OFR Sees Europe, Systemic Risks From Big Banks as Key Threats

By Jeff Bater

Dec. 13 — Potential spillover from Europe and the interconnectedness of large Wall Street banks are among important vulnerabilities to U.S. financial stability, an Office of Financial Research report said.

The OFR, created by Dodd-Frank to measure risks to the financial system, said in its annual report to Congress that overall risks to stability remain in a medium range.

In June, the U.K. voted to leave the European Union. Uncertainty and potential instability in Europe could be transmitted to the U.S., the report said. For instance, a recession in Europe could decrease the demand for U.S. goods and services, a potential drag on U.S. economic growth.

Furthermore, the OFR report said, the systemic footprint of the largest banks—that is, their size, complexity and interconnectedness—makes up a key threat to stability.

“Reforms after the financial crisis have made the largest banks significantly more resilient,” it said. “Although these requirements have reduced the likelihood of a large bank failing, the potential impact of a large bank failure remains substantial.”

U.S. interest rates remain at or near historic lows. While loose monetary policy acted as a spur to economic growth, the downside is historically low rates encourage risk-taking because investors make increasingly risky investments to increase their returns.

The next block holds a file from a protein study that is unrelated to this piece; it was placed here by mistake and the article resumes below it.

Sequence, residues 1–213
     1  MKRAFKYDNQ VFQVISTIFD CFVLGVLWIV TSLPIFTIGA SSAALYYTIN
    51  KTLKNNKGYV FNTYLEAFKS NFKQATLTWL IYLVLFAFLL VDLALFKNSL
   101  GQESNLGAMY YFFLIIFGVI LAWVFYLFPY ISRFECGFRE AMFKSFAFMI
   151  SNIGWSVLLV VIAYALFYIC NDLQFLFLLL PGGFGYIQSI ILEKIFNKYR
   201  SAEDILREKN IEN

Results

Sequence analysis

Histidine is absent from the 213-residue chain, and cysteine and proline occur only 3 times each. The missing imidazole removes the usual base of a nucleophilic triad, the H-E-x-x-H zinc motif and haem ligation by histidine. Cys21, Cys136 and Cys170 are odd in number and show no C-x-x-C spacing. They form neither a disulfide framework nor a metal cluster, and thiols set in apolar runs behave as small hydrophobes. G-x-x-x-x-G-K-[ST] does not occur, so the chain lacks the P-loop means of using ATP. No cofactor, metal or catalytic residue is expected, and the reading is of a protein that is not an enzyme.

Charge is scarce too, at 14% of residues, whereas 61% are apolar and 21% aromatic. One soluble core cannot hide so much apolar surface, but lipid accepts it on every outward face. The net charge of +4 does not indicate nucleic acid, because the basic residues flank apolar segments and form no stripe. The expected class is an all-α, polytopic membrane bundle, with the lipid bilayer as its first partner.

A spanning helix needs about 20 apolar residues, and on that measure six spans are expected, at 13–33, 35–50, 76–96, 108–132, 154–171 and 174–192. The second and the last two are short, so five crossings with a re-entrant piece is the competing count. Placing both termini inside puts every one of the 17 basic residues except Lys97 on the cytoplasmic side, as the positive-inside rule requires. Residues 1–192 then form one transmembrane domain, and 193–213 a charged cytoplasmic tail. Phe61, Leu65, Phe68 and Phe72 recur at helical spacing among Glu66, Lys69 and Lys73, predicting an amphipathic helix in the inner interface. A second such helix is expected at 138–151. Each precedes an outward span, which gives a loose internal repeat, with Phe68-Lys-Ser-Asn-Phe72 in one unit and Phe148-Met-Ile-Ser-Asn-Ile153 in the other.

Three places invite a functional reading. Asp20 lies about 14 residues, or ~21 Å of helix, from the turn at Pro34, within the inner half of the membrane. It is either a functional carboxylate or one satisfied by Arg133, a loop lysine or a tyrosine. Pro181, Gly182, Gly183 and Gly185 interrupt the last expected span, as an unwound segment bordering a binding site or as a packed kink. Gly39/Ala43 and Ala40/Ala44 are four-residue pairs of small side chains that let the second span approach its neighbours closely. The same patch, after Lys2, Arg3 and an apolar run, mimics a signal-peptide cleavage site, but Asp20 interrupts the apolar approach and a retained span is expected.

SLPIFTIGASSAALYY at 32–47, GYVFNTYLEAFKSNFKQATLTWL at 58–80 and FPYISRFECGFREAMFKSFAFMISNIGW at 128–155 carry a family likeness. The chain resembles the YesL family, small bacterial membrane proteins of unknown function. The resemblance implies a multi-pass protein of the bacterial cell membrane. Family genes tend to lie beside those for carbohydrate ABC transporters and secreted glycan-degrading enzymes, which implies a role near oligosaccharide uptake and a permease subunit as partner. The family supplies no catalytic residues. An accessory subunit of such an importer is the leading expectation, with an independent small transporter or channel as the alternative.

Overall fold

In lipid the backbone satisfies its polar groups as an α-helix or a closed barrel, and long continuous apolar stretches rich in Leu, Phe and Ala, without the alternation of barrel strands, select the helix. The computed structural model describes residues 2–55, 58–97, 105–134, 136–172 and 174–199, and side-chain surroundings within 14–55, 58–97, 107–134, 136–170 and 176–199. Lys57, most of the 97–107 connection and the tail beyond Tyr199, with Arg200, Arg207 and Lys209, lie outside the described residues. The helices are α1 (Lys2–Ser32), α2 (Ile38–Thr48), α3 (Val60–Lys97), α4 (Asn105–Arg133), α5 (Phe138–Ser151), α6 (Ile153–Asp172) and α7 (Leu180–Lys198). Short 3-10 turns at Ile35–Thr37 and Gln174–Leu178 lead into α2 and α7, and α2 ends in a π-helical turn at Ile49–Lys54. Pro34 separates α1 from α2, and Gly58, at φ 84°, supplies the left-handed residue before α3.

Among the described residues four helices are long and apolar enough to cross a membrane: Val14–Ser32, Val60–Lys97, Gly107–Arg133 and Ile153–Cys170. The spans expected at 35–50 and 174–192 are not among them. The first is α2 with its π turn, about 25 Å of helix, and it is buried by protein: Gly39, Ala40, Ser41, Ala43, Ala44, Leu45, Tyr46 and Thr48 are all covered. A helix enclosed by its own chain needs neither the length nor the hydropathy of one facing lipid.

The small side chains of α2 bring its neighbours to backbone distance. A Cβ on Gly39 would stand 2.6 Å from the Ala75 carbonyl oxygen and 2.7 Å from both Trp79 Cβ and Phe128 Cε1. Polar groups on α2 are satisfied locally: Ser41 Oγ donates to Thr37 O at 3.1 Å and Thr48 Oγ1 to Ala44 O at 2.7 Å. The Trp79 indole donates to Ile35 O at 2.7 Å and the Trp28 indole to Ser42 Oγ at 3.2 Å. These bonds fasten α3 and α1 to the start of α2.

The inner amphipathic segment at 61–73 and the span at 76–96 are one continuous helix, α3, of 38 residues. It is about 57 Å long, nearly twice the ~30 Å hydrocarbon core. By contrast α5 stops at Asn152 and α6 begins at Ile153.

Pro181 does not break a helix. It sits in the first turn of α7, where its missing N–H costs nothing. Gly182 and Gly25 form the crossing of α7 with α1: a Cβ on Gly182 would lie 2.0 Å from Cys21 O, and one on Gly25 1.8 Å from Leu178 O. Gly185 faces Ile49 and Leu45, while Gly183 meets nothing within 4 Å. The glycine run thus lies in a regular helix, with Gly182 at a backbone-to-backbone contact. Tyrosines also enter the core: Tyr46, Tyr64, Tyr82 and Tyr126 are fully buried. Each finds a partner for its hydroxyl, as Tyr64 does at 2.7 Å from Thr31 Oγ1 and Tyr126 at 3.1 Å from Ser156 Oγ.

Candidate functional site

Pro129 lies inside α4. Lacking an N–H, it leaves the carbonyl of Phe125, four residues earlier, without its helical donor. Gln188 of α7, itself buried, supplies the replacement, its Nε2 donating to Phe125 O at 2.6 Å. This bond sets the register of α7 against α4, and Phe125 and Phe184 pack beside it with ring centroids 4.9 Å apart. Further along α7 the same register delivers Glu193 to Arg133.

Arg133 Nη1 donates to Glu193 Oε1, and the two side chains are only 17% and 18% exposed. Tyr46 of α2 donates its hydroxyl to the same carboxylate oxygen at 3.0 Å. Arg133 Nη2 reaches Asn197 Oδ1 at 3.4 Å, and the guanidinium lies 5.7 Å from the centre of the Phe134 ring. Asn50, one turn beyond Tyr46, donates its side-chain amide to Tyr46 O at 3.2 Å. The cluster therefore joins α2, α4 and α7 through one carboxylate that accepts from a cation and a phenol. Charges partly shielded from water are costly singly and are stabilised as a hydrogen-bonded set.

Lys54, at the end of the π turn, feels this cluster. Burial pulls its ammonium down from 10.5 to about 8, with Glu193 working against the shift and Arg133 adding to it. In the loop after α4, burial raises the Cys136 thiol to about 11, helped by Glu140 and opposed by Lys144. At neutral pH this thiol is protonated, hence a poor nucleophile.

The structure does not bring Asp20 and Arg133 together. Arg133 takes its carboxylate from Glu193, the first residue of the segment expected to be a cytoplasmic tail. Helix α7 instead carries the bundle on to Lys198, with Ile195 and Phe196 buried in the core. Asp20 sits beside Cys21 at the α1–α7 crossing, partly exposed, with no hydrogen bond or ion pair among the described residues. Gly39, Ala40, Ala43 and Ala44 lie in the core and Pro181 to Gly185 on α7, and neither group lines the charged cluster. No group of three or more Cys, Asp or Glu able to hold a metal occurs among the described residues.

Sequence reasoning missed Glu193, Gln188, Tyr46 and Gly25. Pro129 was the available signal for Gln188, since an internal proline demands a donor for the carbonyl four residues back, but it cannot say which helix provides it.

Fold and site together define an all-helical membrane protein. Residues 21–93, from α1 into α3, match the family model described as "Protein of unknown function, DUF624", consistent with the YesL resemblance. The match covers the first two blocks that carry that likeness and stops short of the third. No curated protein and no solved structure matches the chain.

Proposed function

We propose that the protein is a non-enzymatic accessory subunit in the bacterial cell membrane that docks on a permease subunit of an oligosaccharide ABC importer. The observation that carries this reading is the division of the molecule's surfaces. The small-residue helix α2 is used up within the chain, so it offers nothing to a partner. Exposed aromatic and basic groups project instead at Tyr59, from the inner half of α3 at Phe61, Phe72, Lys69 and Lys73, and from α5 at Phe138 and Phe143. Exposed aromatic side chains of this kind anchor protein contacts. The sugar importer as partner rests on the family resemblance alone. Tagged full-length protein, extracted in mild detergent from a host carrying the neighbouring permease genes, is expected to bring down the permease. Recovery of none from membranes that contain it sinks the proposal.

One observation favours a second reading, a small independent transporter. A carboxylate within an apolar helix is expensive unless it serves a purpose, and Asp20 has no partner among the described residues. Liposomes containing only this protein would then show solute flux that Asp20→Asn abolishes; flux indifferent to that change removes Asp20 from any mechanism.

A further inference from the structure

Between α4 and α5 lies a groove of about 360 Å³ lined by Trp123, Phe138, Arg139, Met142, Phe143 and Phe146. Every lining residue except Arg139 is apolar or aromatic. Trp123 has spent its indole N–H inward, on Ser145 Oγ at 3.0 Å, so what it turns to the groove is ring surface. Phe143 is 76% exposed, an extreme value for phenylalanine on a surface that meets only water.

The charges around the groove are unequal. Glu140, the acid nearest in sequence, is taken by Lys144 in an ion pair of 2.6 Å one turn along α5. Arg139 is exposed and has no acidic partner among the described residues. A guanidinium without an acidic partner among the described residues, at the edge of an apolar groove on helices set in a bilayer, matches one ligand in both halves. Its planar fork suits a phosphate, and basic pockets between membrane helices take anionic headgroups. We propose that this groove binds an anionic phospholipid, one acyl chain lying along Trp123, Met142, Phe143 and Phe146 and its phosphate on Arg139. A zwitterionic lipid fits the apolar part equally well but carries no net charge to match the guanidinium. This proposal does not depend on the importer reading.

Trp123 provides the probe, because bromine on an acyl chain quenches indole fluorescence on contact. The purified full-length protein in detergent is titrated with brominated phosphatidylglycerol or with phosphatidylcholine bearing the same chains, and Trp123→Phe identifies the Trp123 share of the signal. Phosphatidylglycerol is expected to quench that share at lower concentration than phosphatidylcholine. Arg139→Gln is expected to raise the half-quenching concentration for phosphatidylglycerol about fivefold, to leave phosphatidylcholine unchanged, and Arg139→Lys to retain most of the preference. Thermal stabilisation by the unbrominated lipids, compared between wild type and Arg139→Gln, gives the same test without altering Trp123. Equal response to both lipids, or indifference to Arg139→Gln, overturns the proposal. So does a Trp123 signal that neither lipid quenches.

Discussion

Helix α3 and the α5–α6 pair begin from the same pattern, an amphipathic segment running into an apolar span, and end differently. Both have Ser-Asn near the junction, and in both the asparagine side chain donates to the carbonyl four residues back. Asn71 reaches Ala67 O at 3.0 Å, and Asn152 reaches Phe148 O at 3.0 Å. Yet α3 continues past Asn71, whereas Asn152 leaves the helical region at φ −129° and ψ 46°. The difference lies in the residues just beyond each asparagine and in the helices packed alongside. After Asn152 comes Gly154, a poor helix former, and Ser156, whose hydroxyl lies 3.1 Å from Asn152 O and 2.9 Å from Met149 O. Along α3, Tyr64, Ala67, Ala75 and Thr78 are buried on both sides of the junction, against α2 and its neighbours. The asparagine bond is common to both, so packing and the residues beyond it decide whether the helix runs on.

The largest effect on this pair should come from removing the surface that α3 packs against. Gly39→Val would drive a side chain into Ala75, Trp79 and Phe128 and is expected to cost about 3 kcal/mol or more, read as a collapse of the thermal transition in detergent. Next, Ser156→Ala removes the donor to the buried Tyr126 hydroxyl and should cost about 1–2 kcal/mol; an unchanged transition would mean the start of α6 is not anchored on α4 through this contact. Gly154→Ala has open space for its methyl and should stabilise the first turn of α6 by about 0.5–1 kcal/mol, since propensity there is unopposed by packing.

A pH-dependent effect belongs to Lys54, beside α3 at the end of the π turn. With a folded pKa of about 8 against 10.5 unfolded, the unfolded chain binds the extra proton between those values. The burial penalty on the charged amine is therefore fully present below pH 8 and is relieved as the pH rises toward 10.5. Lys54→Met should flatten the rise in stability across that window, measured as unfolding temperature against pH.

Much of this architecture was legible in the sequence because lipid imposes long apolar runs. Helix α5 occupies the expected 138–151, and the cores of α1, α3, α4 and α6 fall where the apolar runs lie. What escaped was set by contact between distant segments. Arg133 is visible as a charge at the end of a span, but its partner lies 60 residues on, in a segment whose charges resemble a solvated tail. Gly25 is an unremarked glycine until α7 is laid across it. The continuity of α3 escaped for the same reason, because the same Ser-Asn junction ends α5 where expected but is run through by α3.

“Sustained low rates have also combined with growing competition from shadow banks and other factors to undermine profits from the traditional bank services of accepting deposits and making loans,” the OFR said.

And because financial institutions are entwined in networks that rely on electronic transactions, they are vulnerable to cyberattacks.

“Cybersecurity incidents pose a clear threat to financial stability because financial institutions exist within complex networks and rely on electronic transactions that often occur on a rapid, just-in-time basis,” the report said. “Three possible risks to financial stability are lack of substitutability, or the ability of the financial system to replace lost services; loss of confidence in financial institutions; and impact on data integrity.”

To contact the reporter on this story: Jeff Bater in Washington at jbater@bna.com

To contact the editor responsible for this story: Michael Ferullo at MFerullo@bna.com

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